Cover the top of the b’stilla by bringing up the hanging down sides of filo and overlapping it on top of the pie. It doesn’t matter if it is crinkly and folded this is all part of the charm. Brush some more melted butter on top. 
Put the baking tray with the b’stilla inside the springform cake tin into the oven. After 15 minutes, slide it out of the oven and remove the springform tin and sprinkle the poppy seeds on the top. Put it back in the oven and bake for another 15 minutes until the top is golden.
Remove from the oven and let it cool briefly . With a spatula (or two) remove the b’stilla from the baking tray and place on a decorative plate for serving. Sprinkle the top with a dusting of icing sugar. 

I created this recipe for South African stone fruits, available now in supermarkets. Why buy South African? Go to this post to find out.

Friday, 16 January 2015

Nectarine and Almond Tarte Tatin recipe

I was asked to develop some recipes for South African stone fruits. I had such great fun with them last year, doing a supper club for instance, using plums and pluots or plumcots (a combination of plum and apricot) in every course from the cocktail to the cheese board. I'm waiting for the 'bubblegum' plum season -February to March. Last year, I made exciting flavours of jam from these plums, the 'Flavour King' cultivar.  Look out for South African stone fruit in your local supermarkets. Here is a very quick dessert, a tarte tatin, classically made with apples, but this time with nectarines. I've added almonds to this recipe, which are part of the same 'prunus' family as apricot kernels. You could also use peaches or plums. I always have puff pastry, either ready-rolled or in a block in my fridge or freezer; puff pastry and any fruit, eh voila, you have an acceptable dessert!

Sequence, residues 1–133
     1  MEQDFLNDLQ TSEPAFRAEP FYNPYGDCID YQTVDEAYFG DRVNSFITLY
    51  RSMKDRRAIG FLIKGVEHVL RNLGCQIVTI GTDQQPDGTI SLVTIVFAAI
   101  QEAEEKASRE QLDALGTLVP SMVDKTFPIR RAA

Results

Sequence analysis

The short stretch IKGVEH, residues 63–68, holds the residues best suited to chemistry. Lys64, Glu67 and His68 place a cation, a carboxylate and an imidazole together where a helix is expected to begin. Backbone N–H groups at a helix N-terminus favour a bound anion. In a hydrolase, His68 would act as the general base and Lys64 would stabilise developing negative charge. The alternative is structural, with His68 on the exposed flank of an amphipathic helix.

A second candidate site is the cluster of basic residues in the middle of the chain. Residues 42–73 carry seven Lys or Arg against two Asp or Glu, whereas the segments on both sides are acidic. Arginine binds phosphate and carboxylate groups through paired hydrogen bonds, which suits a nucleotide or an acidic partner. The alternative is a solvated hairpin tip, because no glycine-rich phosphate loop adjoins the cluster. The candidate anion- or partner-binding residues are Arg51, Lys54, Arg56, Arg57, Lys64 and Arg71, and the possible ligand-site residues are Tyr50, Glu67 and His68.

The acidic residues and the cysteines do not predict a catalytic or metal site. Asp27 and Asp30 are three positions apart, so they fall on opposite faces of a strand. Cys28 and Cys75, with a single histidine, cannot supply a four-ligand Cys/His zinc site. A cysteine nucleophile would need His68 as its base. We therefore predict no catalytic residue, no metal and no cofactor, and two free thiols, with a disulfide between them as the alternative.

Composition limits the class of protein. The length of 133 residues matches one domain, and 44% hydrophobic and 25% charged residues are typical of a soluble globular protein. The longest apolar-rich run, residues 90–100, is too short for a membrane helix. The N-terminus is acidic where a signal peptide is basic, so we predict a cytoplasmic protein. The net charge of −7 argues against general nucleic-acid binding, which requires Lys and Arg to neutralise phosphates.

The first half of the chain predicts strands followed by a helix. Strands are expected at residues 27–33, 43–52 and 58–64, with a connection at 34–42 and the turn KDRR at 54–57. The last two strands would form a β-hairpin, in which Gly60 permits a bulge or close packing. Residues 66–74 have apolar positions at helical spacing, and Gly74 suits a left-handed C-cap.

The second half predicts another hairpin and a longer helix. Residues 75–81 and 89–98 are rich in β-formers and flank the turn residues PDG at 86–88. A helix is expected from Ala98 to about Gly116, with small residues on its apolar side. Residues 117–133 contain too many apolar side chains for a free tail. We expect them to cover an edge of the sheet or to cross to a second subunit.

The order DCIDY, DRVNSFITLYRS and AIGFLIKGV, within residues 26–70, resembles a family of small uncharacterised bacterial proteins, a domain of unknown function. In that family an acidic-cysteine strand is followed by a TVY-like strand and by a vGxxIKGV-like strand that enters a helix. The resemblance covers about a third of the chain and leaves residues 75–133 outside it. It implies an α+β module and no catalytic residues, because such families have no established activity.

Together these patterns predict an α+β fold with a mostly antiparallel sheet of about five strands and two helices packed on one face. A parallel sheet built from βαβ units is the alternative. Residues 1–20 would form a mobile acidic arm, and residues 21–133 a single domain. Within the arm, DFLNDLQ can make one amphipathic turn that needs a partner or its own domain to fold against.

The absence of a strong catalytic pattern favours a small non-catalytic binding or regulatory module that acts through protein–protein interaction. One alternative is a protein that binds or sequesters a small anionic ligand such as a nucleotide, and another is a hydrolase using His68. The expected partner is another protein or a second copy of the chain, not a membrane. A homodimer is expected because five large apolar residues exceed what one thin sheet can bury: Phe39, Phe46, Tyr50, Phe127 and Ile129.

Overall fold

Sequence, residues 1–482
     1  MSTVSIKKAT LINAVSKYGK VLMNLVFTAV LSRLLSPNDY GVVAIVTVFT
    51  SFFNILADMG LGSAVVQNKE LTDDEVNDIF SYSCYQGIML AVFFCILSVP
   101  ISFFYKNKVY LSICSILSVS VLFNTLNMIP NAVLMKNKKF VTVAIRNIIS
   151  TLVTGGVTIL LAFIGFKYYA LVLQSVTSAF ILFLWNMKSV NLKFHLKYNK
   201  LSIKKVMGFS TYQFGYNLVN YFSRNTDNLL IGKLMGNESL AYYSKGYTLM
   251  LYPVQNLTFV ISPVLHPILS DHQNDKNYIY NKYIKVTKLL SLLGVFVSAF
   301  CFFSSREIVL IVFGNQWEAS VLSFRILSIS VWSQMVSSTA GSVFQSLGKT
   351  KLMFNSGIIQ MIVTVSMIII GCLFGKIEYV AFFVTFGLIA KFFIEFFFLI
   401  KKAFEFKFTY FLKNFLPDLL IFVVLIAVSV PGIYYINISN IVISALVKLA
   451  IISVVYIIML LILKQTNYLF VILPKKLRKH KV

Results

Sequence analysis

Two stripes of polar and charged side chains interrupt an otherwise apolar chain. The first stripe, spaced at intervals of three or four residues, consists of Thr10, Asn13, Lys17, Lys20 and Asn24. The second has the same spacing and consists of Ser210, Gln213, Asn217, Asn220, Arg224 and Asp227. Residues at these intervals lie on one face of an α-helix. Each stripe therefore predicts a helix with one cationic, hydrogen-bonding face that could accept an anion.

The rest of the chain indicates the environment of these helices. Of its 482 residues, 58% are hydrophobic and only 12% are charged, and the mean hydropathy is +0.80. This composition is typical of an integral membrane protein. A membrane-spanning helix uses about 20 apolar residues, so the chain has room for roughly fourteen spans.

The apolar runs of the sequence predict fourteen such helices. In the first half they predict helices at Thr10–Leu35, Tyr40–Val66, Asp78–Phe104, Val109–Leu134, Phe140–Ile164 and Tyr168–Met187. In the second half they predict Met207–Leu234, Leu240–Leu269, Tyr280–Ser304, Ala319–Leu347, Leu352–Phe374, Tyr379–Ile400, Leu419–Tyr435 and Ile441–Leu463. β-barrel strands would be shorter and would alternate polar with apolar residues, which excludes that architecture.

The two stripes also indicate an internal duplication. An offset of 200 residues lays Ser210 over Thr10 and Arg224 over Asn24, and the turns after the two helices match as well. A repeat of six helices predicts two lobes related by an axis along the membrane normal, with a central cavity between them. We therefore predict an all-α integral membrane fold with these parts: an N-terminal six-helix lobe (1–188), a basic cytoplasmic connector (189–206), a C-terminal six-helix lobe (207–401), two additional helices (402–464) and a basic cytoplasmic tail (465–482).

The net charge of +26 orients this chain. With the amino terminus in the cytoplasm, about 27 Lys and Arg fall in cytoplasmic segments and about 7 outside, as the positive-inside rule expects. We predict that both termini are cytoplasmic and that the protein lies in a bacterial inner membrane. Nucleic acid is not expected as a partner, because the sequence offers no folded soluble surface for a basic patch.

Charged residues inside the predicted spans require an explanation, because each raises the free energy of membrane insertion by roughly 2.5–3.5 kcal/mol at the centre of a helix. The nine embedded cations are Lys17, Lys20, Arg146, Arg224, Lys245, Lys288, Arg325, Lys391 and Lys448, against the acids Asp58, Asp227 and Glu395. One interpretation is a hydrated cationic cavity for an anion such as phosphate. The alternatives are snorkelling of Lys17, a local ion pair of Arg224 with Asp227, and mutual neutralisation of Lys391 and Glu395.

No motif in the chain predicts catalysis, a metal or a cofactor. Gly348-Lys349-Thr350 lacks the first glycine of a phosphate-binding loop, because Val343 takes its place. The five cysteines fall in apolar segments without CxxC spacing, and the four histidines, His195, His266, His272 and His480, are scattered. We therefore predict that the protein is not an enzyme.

Nectarine and almond tarte tatin recipe

Serves: 6-8
Ingredients:
  • 8 to 10 South African nectarines halved and pitted
  • 200g unsalted butter
  • 150g caster sugar
  • 2 vanilla pods, split
  • 320 all butter ready-rolled puff pastry